...also called Decoration Day, public legal holiday in the United States and its territories and among its armed forces, honouring U.S. citizens who have died in war. Originally commemorating soldiers killed in the American Civil War, the observance was later extended to all U.S. war dead. Most states conform to the federal practice of observing the holiday on the last Monday in May, which began in 1971, but a few retain the long-established day of celebration, May 30. National observance is marked officially bythe placing of a wreath on the Tomb of the Unknown Soldier in Arlington National Cemetery in Virginia.

The custom itself of honouring the graves of the war dead began before the close of the Civil War. In the South, the town of Columbus, Miss., claims origination of a formal observance for both the Union and the Confederate dead in 1866. Waterloo, N.Y., is cited as the birthplace of the observance in the North in the same year. There was no fixed day of national celebration, however, until 1868, when Commander in Chief John A. Logan of the Grand Army of the Republic issued a general order designating May 30,1868, "for the purpose of strewing with flowers or otherwise decorating the graves of comrades who died in defense of their country during the late rebellion."

In addition to the national holiday, Confederate memorial days continue to be celebrated in some Southern states. Similar commemorations are observed in numerous other countries.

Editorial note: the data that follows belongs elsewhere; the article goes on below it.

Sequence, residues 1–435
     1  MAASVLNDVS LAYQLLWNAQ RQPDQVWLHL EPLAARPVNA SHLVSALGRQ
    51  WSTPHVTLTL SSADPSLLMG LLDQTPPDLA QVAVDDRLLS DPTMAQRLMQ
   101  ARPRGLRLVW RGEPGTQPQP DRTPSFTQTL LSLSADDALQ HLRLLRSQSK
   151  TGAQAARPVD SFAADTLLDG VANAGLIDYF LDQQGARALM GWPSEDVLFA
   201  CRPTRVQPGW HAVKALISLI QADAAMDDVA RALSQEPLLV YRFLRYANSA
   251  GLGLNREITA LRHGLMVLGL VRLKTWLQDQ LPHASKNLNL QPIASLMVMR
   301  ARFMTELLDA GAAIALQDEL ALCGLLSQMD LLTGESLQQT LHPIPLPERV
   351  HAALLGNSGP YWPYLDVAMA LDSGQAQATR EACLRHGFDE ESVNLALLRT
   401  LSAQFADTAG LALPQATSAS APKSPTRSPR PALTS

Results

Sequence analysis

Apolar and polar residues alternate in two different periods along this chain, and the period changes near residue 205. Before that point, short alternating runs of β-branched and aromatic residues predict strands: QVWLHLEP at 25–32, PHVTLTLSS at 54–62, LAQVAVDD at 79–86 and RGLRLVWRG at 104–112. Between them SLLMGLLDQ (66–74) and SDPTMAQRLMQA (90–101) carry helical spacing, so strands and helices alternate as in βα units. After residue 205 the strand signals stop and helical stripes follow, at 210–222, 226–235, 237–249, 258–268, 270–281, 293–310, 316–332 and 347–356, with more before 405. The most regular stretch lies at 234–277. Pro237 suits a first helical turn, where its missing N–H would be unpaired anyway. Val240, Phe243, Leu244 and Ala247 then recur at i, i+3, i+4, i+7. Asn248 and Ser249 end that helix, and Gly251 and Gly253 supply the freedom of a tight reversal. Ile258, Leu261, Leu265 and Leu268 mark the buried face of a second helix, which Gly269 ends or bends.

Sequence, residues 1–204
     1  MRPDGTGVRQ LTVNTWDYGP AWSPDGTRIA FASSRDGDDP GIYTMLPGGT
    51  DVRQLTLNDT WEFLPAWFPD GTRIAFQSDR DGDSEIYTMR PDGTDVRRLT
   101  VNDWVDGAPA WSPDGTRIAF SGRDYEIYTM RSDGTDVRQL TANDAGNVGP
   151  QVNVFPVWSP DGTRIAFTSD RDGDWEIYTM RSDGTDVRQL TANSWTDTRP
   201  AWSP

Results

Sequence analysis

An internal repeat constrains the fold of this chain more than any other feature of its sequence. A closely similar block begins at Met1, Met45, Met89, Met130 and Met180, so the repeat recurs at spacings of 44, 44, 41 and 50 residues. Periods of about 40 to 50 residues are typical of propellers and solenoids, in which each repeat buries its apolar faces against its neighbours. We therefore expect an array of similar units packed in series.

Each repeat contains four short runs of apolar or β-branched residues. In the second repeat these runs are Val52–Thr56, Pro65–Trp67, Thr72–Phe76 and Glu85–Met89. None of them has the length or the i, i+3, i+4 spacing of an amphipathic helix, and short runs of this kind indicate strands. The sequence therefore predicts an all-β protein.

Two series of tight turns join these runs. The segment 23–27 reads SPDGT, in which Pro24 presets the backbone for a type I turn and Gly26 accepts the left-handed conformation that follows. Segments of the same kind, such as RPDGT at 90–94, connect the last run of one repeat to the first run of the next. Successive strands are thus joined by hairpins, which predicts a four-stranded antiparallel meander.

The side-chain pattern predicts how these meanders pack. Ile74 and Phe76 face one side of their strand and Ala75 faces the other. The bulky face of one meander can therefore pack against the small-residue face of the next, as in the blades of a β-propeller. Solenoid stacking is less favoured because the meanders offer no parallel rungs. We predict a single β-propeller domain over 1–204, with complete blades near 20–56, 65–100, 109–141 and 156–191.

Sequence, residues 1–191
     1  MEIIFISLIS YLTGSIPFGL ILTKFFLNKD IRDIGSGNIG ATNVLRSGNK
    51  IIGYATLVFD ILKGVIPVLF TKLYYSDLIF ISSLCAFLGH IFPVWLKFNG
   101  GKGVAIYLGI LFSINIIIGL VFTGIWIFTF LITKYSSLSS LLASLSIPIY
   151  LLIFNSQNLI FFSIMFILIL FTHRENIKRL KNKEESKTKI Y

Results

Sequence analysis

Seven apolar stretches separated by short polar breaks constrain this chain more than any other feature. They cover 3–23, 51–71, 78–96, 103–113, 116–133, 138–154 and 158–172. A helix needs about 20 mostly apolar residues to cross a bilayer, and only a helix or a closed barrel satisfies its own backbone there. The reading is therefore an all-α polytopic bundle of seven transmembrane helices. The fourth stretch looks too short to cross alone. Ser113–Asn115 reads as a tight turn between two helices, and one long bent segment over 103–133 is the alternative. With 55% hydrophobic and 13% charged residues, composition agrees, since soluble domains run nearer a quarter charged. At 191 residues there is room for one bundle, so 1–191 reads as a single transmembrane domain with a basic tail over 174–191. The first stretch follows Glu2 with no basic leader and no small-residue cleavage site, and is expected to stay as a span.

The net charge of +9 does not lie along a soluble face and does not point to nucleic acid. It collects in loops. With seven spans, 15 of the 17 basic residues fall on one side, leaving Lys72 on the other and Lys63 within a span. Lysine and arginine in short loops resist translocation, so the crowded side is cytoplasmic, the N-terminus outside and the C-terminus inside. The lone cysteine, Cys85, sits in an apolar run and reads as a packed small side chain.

(Virginia, eg, has Confederate Mem Day the same day.)


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Subject: RE: happy? - May 30
From: GUEST,Allen
Date: 31 May 05 - 04:38 PM

Abby, where did you hear that about Ceylon?


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Subject: RE: happy? - May 30
From: Blackcatter
Date: 31 May 05 - 05:14 PM

The Encyclopedia is essentially correct.

Commander in Chief John A. Logan's general order is possibly tied to a French remembrance day called "The Day of Ashes" which commemorated Napoleon's ashes being returned to France. Supposedly, one of the originators of Memorial Day was French and made this connection.

The 1971 enactment of the national holiday is derrived from the 1868 general order.

Abby - have any info on the "Day of Ashes?"


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Subject: RE: happy? - May 30
From: Abby Sale
Date: 31 May 05 - 08:01 PM

GUEST,Allen,

You mean Ceylon's use in "Johnny I Hardly Knew You?" I believe it's controversial. Far as I know, the sole (but pretty good) reason for the assumption he was off visiting there is the line in the song:

I'm happy for to see ye home,
All from the island of Sulloon
(Spelling varies)

I have a vague memory protesting that the Irish didn't fight there. But, as said, it's generally assumed to be Ceylon.
===================================

Blackcatter,

No particular knowledge. Google gives the following words at several sites but no attribution: